I got a new game for Christmas called Antidote which I played for the first time today. It is designed for 2-7 players, although the above image says 2-6 players, the directions say 2-7. I will say up front I am not a fan of the 2 player rules, you basically build a mock player so you are really playing 3 players but the third player is dumb. I would suggest playing with at least 3 players ideally.
The game explains that you are in a lab and a dangerous virus has just fell to the floor and you have 30 minutes to find an antidote.
The game has 7 different color formulas (cards numbered 1-7) and one virus (card labeled X in each color). You start out by shuffling all the X cards and removing one card from the game (this is the correct color of the antidote). You then add in a number of syringe cards with the X cards based on the number of players.
You then take a number of each color cards and put them in a pile and shuffle them. The amount of each color used is based on the number of players. For 2-3 players you take cards numbered 1-3 and shuffle them all together for a total of 21 cards.
You then deal these out evenly to all players. If you are only playing two players, you need to deal to a third player that doesn't exist, this way it is harder to determine what the unknown toxic color is. You also deal the syringes and X cards to each player evenly. This gives each player a clue to what formulas will not work for the antidote.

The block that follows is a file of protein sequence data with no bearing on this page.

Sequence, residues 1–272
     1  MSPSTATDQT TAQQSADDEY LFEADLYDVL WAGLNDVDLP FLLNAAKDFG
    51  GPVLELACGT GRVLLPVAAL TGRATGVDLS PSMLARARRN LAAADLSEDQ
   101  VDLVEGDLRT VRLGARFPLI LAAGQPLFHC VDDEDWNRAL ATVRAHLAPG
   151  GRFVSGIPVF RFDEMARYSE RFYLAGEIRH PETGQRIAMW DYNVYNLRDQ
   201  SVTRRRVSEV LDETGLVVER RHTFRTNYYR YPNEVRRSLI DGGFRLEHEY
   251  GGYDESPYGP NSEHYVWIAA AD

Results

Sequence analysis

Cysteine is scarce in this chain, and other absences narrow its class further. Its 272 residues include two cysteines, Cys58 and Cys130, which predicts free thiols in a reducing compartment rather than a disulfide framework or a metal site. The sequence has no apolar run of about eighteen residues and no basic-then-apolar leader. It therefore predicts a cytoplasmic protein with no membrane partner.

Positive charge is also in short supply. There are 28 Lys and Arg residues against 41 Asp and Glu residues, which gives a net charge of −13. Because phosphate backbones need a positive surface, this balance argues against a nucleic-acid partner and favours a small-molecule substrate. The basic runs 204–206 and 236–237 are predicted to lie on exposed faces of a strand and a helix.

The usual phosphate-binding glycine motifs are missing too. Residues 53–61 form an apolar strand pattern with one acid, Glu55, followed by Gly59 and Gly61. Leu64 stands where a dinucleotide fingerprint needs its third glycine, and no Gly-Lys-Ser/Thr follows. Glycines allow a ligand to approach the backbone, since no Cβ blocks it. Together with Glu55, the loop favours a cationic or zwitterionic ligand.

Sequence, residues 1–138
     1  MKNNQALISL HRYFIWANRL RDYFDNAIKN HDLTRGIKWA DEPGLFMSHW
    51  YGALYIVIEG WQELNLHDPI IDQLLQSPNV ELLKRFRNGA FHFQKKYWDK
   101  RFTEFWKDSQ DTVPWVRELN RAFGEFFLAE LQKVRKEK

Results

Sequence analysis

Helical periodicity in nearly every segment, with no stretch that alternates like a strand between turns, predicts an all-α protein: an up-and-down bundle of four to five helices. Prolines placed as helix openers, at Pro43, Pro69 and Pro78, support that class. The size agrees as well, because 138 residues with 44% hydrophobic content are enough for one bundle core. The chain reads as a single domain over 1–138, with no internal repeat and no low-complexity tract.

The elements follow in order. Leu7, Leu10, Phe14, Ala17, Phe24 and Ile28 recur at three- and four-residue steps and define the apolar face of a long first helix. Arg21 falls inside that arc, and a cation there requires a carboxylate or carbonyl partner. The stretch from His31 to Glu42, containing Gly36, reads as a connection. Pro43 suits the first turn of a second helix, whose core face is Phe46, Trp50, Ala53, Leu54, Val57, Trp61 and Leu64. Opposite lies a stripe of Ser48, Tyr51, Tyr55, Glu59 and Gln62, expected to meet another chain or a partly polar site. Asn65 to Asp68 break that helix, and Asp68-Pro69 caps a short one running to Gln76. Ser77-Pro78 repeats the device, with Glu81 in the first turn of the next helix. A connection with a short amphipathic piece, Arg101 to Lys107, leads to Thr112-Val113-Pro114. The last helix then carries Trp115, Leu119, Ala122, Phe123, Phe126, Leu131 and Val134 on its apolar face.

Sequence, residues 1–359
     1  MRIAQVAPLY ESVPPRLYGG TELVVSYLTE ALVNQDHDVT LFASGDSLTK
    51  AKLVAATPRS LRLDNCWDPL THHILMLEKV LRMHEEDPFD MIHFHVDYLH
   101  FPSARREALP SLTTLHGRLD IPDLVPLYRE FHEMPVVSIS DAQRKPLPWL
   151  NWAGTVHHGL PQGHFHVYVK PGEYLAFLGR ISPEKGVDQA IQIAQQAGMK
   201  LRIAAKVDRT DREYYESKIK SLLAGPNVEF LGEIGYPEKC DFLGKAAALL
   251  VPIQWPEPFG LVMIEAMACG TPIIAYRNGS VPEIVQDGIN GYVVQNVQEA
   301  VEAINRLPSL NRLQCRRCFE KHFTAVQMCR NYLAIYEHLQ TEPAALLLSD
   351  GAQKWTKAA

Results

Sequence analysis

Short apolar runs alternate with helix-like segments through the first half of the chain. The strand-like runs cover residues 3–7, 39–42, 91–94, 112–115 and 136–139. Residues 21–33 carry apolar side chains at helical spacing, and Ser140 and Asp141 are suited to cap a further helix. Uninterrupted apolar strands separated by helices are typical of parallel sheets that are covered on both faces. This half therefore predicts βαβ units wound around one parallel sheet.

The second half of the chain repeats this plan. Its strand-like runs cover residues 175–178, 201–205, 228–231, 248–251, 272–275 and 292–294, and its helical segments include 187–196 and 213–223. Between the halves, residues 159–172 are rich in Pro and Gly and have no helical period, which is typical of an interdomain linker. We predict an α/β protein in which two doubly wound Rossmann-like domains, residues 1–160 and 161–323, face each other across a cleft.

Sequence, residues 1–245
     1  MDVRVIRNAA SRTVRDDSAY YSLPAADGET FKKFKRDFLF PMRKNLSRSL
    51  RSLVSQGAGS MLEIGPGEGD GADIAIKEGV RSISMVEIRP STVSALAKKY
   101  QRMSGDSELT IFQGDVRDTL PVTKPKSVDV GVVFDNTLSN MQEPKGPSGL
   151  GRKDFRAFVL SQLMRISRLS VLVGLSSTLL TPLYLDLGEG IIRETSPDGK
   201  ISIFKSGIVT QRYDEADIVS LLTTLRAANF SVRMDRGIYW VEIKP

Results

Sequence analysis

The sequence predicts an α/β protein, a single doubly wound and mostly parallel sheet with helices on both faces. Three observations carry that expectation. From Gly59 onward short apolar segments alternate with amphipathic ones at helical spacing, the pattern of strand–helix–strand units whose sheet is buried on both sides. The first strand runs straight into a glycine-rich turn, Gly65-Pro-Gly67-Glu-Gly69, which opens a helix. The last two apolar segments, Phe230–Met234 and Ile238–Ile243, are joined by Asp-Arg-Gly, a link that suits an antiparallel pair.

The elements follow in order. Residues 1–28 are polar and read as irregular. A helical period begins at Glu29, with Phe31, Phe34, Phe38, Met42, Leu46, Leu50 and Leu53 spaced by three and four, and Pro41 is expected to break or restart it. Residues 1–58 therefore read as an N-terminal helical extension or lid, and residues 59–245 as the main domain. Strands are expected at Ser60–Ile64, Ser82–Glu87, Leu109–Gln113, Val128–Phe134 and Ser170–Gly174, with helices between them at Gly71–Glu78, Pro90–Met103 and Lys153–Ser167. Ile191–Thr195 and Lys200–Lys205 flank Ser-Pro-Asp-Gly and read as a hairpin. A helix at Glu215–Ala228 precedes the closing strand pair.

The idea of the game is to use deception and deduction to figure out what color the toxin is and make sure you have that color in your hand at the end of the game. With a 2-3 player game you start out with 10 cards each.
Each turn you can either trade cards with other players by passing around either left or right, discard a card in front of you, or steal a card using a syringe.
The game will go on forever if you only swap or use syringes, only when you discard a card do you move closer to the end of the game. In a 2 player game, you can use the third fictional player to hand off cards without immediately revealing information to a real player, and this is where I didn't like the 2 player ruleset.
The game continues as you pass around cards and discard in front of you until one card is remaining in each hand. At this point you reveal the hidden card and whoever has the correct color wins the game by successfully creating and drinking the antidote. The number on the colored card determines how many points you win or lose. With more players it is possible more players can correctly guess the antidote color, the number will prevent a tie unless you play multiple games and keep score.
We only played the simplified game which is recommended for your first time around. There are additional cards such as clinical trials, placebo, ID badges, and even lab romances.
We didn't use the additional cards but they seem to give the game more complexity and
randomness. The next time we player the game we will add in the additional cards and see how that plays out.
I found the game fun, it only took around 15 minutes once we knew the rules. I didn't like the 3rd dummy player as it gives you an advantage to unload cards on someone that won't get additional information from. I think strategies in two player games wouldn't carry over to 3+ real players.
While it took me a few minutes to understand the game, I could easily teach a new player quickly. While I don't typically like simple games, I did find the deduction and deception part of the game fun. If you enjoy the card game Bullshit, you would likely like this game as well.
You can find the game for $15 on Amazon, and I think it would be a fun game if you frequently play games with 3 or more players.